Martin Kidston

(Missoula Current) Two state grants will help rehabilitate five low- to middle-income homes and help construct transitional housing for homeless veterans in the area, Missoula County said Tuesday.

The grants include $600,000 from the Montana Department of Commerce to aid in a transitional housing project managed by the Poverello Center's Housing Montana Heroes Program in Missoula.

County grants administrator Heidi West said the county already has contributed an additional $833,000 in American Rescue Plan Act funding that helped the Poverello purchase the West Broadway property, which formerly served as a motel.

The latest round of state funding – $600,000 in all – will see $60,000 go to administer the grant and the remaining $540,000 will provide direct support to the project, West said.

“We'll support the deconstruction site work and the reconstruction of 16 units of housing. That's in addition to 4 units that will remain on site,” West said. “The result of this project will provide 20 units of non-congregant transitional housing for veterans in Missoula.”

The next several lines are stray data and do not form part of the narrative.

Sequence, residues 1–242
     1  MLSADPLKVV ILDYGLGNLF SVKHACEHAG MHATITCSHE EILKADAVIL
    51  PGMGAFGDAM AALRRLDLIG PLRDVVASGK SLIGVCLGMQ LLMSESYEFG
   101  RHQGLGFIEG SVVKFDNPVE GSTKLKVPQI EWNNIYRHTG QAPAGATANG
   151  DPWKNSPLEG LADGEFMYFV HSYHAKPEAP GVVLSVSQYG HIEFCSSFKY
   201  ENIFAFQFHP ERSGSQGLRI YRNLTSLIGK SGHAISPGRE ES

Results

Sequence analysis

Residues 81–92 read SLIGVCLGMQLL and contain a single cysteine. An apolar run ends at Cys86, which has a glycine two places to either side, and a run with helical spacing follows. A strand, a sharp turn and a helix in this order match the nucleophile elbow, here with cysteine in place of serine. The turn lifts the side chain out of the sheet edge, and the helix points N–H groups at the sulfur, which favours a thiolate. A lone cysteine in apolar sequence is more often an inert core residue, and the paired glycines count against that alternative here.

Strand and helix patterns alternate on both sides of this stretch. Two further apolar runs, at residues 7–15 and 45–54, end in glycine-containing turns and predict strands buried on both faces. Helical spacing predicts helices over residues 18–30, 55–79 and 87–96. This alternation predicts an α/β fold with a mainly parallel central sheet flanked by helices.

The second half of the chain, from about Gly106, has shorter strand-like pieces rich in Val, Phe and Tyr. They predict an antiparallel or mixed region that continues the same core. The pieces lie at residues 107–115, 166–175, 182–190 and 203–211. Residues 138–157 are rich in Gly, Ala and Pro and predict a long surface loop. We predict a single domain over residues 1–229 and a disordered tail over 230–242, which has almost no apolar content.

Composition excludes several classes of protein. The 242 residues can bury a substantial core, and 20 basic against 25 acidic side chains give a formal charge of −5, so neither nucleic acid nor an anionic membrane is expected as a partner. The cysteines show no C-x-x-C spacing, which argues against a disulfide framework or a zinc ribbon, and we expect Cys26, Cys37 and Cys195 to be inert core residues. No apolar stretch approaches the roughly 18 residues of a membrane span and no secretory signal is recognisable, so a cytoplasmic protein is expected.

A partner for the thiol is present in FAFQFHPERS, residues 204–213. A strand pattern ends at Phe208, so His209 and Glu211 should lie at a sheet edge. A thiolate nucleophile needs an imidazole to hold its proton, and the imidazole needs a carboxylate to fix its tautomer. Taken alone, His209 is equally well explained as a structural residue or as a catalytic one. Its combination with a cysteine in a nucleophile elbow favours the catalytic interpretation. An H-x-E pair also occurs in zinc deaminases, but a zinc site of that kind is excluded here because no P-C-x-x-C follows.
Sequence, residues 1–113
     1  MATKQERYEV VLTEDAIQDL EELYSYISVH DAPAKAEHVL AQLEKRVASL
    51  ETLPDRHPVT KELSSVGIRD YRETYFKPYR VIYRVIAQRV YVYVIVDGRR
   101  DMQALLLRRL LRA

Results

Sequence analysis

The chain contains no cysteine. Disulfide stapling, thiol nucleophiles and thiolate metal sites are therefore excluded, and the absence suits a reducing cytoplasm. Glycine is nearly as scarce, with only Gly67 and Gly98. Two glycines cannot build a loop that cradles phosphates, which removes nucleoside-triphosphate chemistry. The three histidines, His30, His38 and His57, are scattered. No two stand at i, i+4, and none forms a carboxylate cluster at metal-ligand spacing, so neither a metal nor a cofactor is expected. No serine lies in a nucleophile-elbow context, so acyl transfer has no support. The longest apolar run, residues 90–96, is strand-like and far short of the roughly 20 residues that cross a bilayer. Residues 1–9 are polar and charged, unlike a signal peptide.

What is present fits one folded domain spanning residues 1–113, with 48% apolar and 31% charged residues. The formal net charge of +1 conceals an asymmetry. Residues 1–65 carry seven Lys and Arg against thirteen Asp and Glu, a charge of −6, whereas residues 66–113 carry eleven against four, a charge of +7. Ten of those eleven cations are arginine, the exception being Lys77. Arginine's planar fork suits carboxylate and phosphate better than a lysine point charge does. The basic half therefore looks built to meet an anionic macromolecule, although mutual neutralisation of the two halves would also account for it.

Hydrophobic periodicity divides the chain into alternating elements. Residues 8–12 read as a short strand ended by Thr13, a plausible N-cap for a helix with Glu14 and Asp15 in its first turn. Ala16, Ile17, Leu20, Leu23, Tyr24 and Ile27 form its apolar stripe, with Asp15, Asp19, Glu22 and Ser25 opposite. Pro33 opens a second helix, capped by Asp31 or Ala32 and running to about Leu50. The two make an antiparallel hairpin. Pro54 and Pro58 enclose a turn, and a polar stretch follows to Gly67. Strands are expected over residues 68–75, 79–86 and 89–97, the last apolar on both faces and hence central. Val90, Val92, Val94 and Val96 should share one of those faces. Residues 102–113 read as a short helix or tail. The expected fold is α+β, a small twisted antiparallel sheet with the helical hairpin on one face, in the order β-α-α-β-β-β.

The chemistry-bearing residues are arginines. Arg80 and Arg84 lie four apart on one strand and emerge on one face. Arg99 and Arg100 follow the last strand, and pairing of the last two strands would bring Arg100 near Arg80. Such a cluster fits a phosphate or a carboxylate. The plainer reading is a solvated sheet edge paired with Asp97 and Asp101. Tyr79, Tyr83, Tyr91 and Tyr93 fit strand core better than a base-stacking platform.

The Poverello Center in 2021 purchased the Clark Fork Inn using $1 million provided by the U.S. Department of Veterans Affairs. The original plan sought to rehabilitate the old motel, but an architect has since determined that new construction would be more cost effective than rehabilitation.

County officials said the change in plans will add an estimated $2 million to the project's initial $3.7 million cost. But other funding sources from the city and county will be applied to the project, including the $600,000 approved on Tuesday.

The city also has contributed $834,000 in ARPA funding.

“The plan is to go to bid later this summer,” West said in June. “Construction would happen next year, and it should be operational by the end of 2024.”

The county on Tuesday also approved a $300,000 grant from the Montana Department of Commerce to support up to five low- to moderate-income houses in partnership with the Montana Human Resource Council.

“It supports five homes for rehabilitation to improve items related to health and safety, structural integrity, energy conservation and handicap accessibility,” said grants administrator Kayla Talbert.

More From Missoula Current